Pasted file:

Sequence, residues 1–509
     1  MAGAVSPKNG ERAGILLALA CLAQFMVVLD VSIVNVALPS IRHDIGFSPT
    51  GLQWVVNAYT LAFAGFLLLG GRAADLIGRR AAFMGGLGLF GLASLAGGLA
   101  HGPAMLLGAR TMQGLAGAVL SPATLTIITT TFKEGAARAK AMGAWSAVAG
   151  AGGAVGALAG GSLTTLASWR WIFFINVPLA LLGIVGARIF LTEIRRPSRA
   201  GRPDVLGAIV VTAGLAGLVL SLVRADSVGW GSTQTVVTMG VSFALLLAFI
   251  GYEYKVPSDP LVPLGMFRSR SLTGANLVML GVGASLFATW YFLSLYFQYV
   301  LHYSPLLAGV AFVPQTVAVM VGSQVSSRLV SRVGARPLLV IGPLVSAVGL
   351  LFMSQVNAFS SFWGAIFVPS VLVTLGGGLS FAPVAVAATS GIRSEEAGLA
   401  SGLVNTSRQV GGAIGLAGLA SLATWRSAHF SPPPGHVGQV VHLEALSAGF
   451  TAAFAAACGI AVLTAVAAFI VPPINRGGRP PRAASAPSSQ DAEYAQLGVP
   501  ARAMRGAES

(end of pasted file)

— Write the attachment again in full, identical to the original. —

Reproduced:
Sequence, residues 1–509
     1  MAGAVSPKNG ERAGILLALA CLAQFMVVLD VSIVNVALPS IRHDIGFSPT
    51  GLQWVVNAYT LAFAGFLLLG GRAADLIGRR AAFMGGLGLF GLASLAGGLA
   101  HGPAMLLGAR TMQGLAGAVL SPATLTIITT TFKEGAARAK AMGAWSAVAG
   151  AGGAVGALAG GSLTTLASWR WIFFINVPLA LLGIVGARIF LTEIRRPSRA
   201  GRPDVLGAIV VTAGLAGLVL SLVRADSVGW GSTQTVVTMG VSFALLLAFI
   251  GYEYKVPSDP LVPLGMFRSR SLTGANLVML GVGASLFATW YFLSLYFQYV
   301  LHYSPLLAGV AFVPQTVAVM VGSQVSSRLV SRVGARPLLV IGPLVSAVGL
   351  LFMSQVNAFS SFWGAIFVPS VLVTLGGGLS FAPVAVAATS GIRSEEAGLA
   401  SGLVNTSRQV GGAIGLAGLA SLATWRSAHF SPPPGHVGQV VHLEALSAGF
   451  TAAFAAACGI AVLTAVAAFI VPPINRGGRP PRAASAPSSQ DAEYAQLGVP
   501  ARAMRGAES